Next is Chennai. The elements seem less extreme than the other cities but only marginally. I sponsor a Youth Forum (which is organized by a very capable Anglo-Indian Women's Forum) and am encouraged by the Anglo-Indian youth who are studious, have ambition and are entrepreneurs. Visit “Smile Cares” that looks after destitute Anglo-Indians (CTR sponsors 35 seniors and 25 children) and am touched by the caring attitude of Sharon and Justin Emmett. Also visit “Vine Trust” (CTR sponsors 75 seniors) and spend time with Grace Shrimpton and John Dhanaraj. I am quite emotional (and guilty about my own fortunate circumstances) in these visits, with so many old folks being so grateful for so little. I spend time with Harry MacLure the editor of Anglos in the Wind the quarterly magazine which is responsible for keeping the international community in touch. Make a quick and enjoyable trip to Pondicherry with Cheryl Ann Shivan
Finally I am in Bangalore. Here I attend the pension distribution, organized by our CTR coordinator Sylvia Bosen (CTR sponsors 50 seniors) and go through the same feeling of helplessness – of being able to do so little, while having so much myself. Spend time with many friends and am entertained in very luxurious environments. Get looked after by Rama Rao, a fascinating person. The city is better laid out but has the same traffic and congestion problems. Make a trip to Ooty to meet my brother and sister in law. Lovely hill country, full of tea gardens and greenery.
Back to the US of A on the 19th and spend the next few days consciously enjoying the fresh air, the open roads, and the space around me, the quiet and the cleanliness of the surroundings. All of which we take for granted.
So what are my conclusions? India has a great heart and its people are kind and helpful. There is a palpable energy of millions of people, all striving to do better amidst huge handicaps of corruption, bureaucracy and limited resources. Women are empowered and are finally being treated almost on par with men (for centuries Indian women were second class citizens). Airports and airlines are exceptionally clean and efficient. The average person struggles every day from morning to night just to stay afloat (reminiscent of Sisyphus). There is very little observance of rules or civility – one has to break rules and take short cuts just to survive - or get slightly ahead.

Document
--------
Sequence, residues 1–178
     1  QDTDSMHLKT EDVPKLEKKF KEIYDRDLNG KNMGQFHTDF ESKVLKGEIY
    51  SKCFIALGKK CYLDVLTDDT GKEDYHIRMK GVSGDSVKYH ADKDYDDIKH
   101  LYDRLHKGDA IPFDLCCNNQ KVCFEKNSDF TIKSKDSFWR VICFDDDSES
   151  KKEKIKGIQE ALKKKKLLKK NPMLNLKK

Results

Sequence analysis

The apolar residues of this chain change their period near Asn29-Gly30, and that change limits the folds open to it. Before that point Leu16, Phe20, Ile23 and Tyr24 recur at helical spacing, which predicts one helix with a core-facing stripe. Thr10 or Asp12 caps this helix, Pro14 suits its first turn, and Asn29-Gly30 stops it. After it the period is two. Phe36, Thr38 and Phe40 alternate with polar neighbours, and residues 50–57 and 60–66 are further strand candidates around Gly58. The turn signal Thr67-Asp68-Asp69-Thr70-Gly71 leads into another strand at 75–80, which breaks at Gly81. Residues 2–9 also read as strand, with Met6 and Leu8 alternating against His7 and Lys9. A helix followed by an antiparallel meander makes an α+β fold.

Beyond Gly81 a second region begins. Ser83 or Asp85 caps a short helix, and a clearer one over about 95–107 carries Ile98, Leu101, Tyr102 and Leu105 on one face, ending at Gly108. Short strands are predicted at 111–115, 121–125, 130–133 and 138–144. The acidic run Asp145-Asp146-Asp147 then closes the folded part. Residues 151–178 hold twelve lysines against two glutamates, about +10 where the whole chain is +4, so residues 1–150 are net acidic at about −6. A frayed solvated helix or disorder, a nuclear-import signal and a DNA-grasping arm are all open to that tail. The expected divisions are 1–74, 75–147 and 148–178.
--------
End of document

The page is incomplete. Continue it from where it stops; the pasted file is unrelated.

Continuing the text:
We in CTR have 8 projects providing monthly pensions to about 300+ seniors and helping educate about 200+ children. A drop in the bucket, but a drop that does make a difference in the lives of many. I tried to impress upon the CTR coordinators that they need to develop local funding as CTR (and I) are not going to be around for much longer. Their response is that Anglo-Indians and Indians do not generally contribute to organizations helping the poor (Anglo-Indians or Indians). I try unsuccessfully to get some contribution from affluent persons. I leave, sadly, with no permanent solution. The hope is that the need will be reduced, or, that with the advancement of the community it will go away. My final thoughts are “Que Sera Sera” i.e. “Whatever will be, will be”!
I did enjoy India and did understand its desperate struggle for living. It was certainly kind and generous to me and gave me whatever it could. It is an incredible country that has exceptional issues, on a scale not been experienced by any other country. India is a unique experiment and needs all the help it can get from its middle and upper socio economic citizens, not only in debate and argument, but in action oriented effort. I saw a disconnect between this group and the poor! I will always be interested in India's progress and be involved in helping in any way I can.
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